The Blancos captain opened the scoring at Alaves but then gave away a penalty, meaning the visitors needed a late goal from Dani Carvajal to prevail
Championships aren’t just statement victories by four or five goals on sunny, lazy afternoons where everything just clicks into place.
They aren’t only about jousting with the elite and coming out on top.
Title wins are built on games like this, miserable lunchtime trips to the freezing Basque Country in the driving rain, against stubborn mules of opponents in noisy, hostile atmospheres.
On Saturday afternoon, Real Madrid went to Mendizorroza and survived, leaving with three points after a tight 2-1 win over Alaves.
As well as sending the Blancos three points clear at the top of La Liga, piling the pressure on Barcelona ahead of the Catalans’ trip to Atletico Madrid on Sunday night, this hard-earned victory also strengthened the feeling that this year Zinedine Zidane’s side are the real deal.
Madrid showed that their recent upturn in form wasn’t just down to some plain-sailing weather.
This is a team that can weather storms; get down and dirty when required, which is precisely what Madrid of last season – still drunk on their triple Champions League success – could not do. They lacked the guts and grit to fight; the desire to scrap and gnaw their way to crucial points.
But as left-back Marcelo said afterwards of the current side, “These are the games we like, with the cold, knocks and kicks.”
Captain Sergio Ramos embodied their fighting spirit against Alaves, for good and bad, though, with the skipper playing his usual Dr. Jekyll and Mr. Hyde role by opening the scoring but then giving away the equaliser.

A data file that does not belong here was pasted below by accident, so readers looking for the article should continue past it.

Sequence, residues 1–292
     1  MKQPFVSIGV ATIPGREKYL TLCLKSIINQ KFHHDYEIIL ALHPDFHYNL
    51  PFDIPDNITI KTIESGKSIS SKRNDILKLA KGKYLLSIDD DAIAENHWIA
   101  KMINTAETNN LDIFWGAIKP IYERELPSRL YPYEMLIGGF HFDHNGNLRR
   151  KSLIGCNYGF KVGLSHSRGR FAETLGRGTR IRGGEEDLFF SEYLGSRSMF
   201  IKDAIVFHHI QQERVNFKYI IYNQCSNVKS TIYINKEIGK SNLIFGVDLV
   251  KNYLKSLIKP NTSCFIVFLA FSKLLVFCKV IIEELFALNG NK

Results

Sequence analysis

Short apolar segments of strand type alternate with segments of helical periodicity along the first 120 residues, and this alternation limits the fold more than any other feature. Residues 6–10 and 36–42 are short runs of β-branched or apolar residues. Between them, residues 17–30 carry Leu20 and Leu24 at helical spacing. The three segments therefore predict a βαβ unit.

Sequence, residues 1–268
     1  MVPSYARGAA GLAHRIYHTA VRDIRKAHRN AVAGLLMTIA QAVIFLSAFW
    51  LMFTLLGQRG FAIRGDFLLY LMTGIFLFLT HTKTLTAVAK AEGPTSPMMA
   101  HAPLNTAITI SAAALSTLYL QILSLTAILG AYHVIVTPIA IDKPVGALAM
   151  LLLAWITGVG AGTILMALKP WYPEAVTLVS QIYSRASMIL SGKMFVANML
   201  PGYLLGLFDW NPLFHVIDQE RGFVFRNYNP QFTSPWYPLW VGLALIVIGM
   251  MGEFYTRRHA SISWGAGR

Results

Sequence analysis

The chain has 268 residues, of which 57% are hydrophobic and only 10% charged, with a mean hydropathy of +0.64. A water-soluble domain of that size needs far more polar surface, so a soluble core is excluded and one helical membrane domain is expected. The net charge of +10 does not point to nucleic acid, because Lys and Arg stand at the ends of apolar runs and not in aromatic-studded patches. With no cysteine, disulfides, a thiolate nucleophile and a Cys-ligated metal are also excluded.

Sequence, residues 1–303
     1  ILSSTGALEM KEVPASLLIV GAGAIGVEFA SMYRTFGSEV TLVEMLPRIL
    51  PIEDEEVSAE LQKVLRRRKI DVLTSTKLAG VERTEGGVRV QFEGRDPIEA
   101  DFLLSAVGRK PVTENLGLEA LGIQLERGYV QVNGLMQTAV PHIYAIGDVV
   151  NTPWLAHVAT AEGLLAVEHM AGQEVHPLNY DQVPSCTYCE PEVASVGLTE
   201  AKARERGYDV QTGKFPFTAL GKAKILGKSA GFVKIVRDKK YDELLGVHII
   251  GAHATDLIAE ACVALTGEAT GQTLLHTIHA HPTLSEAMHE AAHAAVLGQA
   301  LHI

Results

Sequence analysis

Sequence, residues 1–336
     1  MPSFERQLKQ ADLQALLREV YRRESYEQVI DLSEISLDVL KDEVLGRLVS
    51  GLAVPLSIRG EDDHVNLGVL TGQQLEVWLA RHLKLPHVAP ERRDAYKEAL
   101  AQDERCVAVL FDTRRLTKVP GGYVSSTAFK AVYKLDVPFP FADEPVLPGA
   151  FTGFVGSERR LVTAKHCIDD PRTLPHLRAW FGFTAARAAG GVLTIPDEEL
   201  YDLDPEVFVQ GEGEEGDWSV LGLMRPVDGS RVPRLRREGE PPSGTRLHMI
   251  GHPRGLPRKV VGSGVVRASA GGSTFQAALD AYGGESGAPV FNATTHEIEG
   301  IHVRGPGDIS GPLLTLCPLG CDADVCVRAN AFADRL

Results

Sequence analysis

The first half was a flat affair, which was Alaves’s intention. The hosts sat back and were compact, proving hard for Madrid to pick holes in, while at the same time occasionally looking to hit the visitors on the break.
One such occasion might have led to the opening goal but former Barcelona wide man Aleix Vidal was harshly booked for a dive when Eder Militao caught his foot in the area.
Vidal looked incredulous after the referee produced a yellow card instead of pointing to the penalty spot.
Gareth Bale, who continued his rehabilitation with his first start since ‘flag-gate’, hit the post with a deflected header but it was one of few opportunities in a dour opening 45 minutes.
Eventually a moment of quality cut through the downpour, with Toni Kroos’s millimetre-perfect free-kick nodded home by Ramos in the 52nd minute.
Less than a quarter of an hour later, Alaves were level through Lucas Perez’s well-taken penalty, after Ramos had stupidly felled Joselu with a needless elbow.
The Spanish defender had already dispossessed the striker when he decided to throw out his harm, catching Joselu in the face.
Ramos feels his terrible disciplinary record is unjust but this was a clear example of why he has racked up 25 red cards: unnecessary recklessness.
His team-mate for club and country, Dani Carvajal, quickly dug him out of his hole, though, by scrambling home the winner, after Isco’s brave header had come back off the post.
That’s what happens, though, when a team are in good form and battling for one another.
Alaves piled on the pressure late on, forcing Madrid to deal with five consecutive corners, but the visitors cleared every one, refusing to let go of their precious points, even through eight long minutes of stoppage time.
As wet and cold as it was in Vitoria-Gasteiz, Madrid left for the capital with the warm feeling of what it means to be a team once again. A team sitting top of the league.
Over to you, Barcelona…